The municipality will continue work with Paqtnkek Mi’kmaw Nation on a community economic development initiative, while also maintaining its support of the Eastern-Strait Regional Enterprise Network (ESREN), including completion of an economic assessment for Antigonish.    

Ten automated external defibrillators for community centres, along with a mobi-mat and floating wheelchair to help increase access to Pomquet Beach.

There will also be a condition assessment of water and sewer lines, along with roads.    

Under the capital investment heading, there will be accessibility upgrades to municipal facilities, along with the purchase of a new excavator for the Beech Hill Solid Waste Management Facility.    

West River Cross Road will be paved, while re-paving will take place on Old South River Road and the Antigonish Arena parking lot.    

There will also be curb and gutter work on Appleseed Drive.    

The Canada 150 Pavilion at the Antigonish Education Centre will also be completed.

The breakdown    

As for the breakdown of how that $14,654,557 will be spent, topping the list is the mandatory education transfer to the province ($3,515,720).    

Protective services, which include policing, corrections, fire protection and fire departments, carries a $3,167,768 price tag.    

General government services – council, administration, facilities and assessment costs – will be $2,762,546, while environmental health items (sewer, solid waste collection and Beech Hill transfer station operation) will cost $2,212,732.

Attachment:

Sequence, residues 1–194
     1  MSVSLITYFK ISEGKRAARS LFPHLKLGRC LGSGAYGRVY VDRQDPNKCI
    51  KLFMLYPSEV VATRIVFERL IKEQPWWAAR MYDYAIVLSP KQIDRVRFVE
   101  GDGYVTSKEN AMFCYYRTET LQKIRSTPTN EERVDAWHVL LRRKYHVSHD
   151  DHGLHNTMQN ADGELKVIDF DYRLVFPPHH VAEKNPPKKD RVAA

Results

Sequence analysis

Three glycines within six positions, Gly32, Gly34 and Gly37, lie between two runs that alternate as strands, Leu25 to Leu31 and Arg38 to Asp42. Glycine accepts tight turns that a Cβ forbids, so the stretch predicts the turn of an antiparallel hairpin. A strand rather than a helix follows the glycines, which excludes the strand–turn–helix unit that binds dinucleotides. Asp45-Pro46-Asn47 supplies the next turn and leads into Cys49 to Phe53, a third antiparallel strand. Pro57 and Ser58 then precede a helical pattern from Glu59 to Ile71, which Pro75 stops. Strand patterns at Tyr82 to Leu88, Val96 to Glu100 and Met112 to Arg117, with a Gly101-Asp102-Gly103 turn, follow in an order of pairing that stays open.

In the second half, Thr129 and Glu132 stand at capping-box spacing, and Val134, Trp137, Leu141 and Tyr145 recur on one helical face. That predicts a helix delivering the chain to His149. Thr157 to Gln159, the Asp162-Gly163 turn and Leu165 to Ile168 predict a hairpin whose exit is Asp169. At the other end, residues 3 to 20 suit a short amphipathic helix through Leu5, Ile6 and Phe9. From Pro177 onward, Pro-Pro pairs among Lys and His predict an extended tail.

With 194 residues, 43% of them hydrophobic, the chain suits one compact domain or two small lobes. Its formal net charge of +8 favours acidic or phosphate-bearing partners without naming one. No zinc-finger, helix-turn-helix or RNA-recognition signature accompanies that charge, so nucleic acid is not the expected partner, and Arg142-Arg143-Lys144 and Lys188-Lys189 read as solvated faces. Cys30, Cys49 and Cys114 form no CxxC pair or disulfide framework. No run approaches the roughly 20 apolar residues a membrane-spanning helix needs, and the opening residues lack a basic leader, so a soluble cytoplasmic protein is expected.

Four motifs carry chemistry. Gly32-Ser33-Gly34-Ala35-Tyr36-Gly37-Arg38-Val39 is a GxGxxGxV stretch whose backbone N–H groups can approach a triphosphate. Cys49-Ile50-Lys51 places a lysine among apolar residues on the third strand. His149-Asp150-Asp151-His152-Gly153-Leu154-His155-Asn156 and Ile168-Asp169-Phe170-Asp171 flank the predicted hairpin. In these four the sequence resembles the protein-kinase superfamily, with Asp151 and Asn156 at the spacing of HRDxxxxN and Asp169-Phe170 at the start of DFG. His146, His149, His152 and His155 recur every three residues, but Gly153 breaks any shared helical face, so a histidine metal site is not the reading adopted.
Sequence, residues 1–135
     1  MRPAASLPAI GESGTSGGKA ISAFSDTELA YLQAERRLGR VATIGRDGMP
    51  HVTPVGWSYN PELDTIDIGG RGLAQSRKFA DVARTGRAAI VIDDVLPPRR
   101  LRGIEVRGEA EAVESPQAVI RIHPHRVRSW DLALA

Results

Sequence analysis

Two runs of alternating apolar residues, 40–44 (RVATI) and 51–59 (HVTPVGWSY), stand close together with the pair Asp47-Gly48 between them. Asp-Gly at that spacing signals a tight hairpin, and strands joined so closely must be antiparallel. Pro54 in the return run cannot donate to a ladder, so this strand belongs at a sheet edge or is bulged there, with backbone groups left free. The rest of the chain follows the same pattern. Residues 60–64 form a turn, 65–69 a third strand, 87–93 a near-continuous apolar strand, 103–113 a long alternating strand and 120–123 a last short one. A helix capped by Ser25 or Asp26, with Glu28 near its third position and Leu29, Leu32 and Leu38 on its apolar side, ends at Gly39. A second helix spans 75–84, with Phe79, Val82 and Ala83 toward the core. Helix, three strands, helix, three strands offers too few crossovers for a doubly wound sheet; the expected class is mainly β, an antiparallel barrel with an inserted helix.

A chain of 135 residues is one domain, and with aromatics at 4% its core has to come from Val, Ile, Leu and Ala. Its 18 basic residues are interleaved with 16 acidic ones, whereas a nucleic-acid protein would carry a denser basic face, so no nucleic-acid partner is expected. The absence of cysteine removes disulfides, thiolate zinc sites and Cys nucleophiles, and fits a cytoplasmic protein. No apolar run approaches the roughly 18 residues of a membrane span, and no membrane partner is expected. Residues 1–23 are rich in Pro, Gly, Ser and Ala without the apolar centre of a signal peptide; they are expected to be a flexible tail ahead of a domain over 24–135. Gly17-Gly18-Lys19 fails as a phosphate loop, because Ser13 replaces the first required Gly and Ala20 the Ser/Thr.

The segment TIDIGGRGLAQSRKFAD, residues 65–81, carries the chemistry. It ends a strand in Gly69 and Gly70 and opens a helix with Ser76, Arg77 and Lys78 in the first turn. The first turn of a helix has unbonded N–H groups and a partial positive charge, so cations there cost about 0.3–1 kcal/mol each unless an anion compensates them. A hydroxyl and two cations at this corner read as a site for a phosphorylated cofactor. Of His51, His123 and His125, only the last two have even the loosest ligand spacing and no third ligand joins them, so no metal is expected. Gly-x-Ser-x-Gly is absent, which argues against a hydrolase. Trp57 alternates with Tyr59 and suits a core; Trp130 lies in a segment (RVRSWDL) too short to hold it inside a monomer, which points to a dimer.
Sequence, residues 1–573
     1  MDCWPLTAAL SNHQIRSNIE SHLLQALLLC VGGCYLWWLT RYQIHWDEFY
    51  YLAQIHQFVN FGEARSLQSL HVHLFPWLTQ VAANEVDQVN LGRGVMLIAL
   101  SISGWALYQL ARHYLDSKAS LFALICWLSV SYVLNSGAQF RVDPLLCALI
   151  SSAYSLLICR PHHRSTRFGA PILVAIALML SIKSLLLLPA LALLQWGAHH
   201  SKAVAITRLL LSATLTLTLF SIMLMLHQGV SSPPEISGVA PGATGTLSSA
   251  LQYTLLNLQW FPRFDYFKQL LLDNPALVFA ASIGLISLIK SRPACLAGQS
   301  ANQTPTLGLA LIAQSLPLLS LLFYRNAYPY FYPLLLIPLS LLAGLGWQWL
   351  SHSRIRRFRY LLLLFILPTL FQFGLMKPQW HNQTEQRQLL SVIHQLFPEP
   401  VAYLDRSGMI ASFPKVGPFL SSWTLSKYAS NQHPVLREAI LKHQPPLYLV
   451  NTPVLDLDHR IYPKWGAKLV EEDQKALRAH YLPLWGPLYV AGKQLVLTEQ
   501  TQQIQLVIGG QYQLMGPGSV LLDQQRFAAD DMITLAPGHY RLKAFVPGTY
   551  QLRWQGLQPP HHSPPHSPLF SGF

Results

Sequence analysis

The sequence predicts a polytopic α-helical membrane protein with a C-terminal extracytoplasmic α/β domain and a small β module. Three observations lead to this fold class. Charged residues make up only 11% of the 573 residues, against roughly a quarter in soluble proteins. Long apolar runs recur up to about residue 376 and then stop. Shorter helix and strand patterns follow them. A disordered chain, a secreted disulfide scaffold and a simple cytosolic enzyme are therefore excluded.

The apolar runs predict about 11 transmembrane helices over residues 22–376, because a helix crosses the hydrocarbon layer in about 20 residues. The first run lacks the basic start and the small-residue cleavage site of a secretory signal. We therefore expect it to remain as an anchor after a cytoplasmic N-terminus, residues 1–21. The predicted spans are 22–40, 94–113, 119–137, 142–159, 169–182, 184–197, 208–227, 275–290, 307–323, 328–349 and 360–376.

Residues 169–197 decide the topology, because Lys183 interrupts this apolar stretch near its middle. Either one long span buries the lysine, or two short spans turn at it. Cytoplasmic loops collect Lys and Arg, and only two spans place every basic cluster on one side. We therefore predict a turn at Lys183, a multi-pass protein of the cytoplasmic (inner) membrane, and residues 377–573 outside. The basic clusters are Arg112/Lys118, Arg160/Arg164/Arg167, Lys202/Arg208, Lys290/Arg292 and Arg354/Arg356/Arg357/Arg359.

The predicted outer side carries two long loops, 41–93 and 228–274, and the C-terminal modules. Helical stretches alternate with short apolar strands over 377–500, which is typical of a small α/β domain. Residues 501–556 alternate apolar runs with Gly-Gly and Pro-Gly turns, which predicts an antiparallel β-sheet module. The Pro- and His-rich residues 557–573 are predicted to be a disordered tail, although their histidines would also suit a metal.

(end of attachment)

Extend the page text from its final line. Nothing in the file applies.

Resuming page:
The remaining budget headings include recreation and cultural services (recreation and community programs, Antigonish Arena and community grants), $1,041,647; fiscal services (debt charges), $776,176; environmental development (economic development, planning services and street lights, $441,576; transportation services (municipal and J-Class roads, sidewalks and snow removal), $385,091; Heritage, cultural and services (Pictou Antigonish Regional Library and Antigonish Heritage Museum), $203,000; public health and welfare (regional housing authority and community organizations), $148,300.    

An accompanying pie chart shows the percentage breakdown for each budget area.

Low-income exemption    

Council also approved a May 22 committee of the whole motion to maintain the municipality’s low-income exemption threshold at $125.    

The maximum combined household income, when it comes to eligibility for the program, is $25,000.    

“Each year, there is, probably, in the range of $15,000 that goes toward that [program],” McCarron said.    

“It helps those that are in need. It gives them a little bit of tax relief. We feel, if people can maintain their homes and stay in them a bit longer, it is important for them.”

‘Good financial position’    

When asked about what kind of shape the municipality is in, McCarron said “we are in a good financial position.”    

“We continue to do projects. We look for cost sharing on different projects with other levels of government,” he explained.    

“We also have the ability to borrow from ourselves, sometimes, to carry out projects, and that’s a good position to be in.    

“It is a position we don’t take lightly and we want to make sure we maintain that, so that we remain strong financially,” McCarron added.    

Both the warden and municipal clerk-treasurer Glenn Horne credited senior staff for their work during the budgetary process.    

“As always, you have done an exceptionally good job,” McCarron said.

Taxes due    

Tax bills will be mailed out in the coming days, with payments due June 29.    

Unpaid taxes, as of that deadline date, will be levied a six per cent charge per annum.    

Budget highlights, along with a summary of planned expenditures and grant recipients, will be available on the county’s website –


Recent Stories